While a great deal of research has focused on the differences in the experiences of male and female trauma survivors, existing studies have primarily looked at the types of traumatic events encountered and females’ increased likelihood of developing Posttraumatic Stress Disorder (PTSD). Conversely, there has been relatively little attention to how a person’s sex may play a role in patients’ responses to trauma-focused treatment. The limited number of studies that do focus on this vary too widely to draw any conclusions. Furthermore, trauma symptoms are typically assessed only at the beginning and end of treatment which fails to account for the possibility of fluctuation throughout the process. In order to better understand how to treat trauma survivors, which methods are effective, for whom, and under which circumstances, investigators have suggested isolating the components of the treatment process, thus allowing the opportunity to assess whether differences exist between males and females at various stages (Cary & McMillen, 2012; Knutsen & Jensen, 2017).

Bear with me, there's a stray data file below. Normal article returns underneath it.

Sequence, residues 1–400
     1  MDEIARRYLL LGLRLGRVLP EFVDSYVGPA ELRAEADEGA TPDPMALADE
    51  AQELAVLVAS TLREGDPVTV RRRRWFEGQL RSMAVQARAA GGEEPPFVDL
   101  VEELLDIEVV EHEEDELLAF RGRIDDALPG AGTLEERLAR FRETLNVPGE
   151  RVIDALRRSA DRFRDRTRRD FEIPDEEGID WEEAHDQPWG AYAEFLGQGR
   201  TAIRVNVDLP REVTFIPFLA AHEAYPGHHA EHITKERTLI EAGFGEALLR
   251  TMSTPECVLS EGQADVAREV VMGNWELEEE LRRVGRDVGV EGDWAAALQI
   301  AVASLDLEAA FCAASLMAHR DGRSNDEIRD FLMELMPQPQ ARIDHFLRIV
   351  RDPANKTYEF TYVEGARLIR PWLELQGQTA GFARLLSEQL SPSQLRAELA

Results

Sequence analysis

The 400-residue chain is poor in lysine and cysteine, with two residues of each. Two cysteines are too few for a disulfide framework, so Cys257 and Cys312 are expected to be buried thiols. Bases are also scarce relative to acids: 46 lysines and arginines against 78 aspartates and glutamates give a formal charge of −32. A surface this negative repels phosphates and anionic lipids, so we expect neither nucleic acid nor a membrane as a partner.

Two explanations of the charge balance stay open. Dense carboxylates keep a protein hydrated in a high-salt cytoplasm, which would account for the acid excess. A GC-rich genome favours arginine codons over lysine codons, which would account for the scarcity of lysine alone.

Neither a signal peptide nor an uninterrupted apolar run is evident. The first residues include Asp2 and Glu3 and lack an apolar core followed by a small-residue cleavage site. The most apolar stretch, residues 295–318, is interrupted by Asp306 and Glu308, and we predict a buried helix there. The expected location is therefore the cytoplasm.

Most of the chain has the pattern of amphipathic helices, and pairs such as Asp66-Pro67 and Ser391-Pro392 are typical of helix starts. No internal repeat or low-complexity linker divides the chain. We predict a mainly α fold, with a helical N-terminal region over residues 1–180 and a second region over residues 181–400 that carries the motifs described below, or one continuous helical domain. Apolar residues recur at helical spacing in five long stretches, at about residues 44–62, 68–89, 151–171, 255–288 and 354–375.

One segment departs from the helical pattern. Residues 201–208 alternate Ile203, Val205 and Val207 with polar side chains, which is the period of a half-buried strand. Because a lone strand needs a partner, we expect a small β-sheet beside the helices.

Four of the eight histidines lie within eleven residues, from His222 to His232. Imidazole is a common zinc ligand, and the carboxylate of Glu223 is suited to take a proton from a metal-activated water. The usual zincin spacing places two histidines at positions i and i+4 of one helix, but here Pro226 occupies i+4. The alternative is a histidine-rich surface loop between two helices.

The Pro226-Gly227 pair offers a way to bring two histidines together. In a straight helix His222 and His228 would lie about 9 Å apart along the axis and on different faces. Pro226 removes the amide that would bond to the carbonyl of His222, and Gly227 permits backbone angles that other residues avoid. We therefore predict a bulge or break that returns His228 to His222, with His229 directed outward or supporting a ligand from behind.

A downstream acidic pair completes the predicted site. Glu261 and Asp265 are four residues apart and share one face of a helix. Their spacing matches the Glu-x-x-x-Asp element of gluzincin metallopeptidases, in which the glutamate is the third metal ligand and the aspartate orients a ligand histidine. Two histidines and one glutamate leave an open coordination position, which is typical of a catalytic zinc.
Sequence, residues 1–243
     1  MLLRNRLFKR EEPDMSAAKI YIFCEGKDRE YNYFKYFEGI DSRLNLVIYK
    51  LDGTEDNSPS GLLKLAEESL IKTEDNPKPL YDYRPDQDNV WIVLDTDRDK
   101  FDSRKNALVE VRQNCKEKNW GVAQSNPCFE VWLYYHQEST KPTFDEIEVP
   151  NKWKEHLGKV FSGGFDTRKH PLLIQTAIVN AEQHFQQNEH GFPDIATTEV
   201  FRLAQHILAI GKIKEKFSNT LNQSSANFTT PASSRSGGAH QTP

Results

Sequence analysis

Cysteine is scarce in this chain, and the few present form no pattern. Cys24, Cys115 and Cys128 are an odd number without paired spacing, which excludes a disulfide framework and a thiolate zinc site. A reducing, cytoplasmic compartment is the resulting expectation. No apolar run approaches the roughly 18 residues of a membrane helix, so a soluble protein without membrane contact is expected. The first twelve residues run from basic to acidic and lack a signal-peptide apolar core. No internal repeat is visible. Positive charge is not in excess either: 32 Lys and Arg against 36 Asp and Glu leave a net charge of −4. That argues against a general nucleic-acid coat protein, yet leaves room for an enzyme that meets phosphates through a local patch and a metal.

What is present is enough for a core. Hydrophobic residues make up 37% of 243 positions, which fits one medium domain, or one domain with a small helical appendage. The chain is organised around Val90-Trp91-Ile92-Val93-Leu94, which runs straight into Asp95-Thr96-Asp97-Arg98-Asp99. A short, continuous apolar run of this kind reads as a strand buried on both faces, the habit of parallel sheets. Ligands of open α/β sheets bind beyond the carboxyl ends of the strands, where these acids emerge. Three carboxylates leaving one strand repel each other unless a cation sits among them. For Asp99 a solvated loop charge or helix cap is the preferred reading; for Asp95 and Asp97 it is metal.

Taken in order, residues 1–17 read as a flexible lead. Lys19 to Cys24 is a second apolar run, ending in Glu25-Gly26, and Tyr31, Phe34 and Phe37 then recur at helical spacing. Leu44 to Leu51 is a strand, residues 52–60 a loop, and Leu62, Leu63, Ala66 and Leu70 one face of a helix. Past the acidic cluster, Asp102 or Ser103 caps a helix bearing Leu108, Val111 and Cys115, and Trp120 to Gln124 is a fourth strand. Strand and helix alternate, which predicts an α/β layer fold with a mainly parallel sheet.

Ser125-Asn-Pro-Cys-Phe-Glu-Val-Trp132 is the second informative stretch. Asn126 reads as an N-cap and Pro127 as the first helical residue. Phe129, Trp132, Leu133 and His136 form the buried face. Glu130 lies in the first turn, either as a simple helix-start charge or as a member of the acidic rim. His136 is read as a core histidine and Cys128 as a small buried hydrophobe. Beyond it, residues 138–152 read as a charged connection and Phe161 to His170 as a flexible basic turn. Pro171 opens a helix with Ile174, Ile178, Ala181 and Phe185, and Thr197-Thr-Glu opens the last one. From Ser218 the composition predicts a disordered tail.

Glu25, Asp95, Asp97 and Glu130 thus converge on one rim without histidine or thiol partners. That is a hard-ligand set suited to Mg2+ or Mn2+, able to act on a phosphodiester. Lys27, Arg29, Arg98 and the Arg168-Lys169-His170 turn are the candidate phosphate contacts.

Building on prior knowledge and addressing the need for more research specifically on youth exposed to trauma, this study explores the progression of PTSD symptoms during treatment to assess how individual treatment phases impacted symptom reduction and to determine whether gender-based differences exist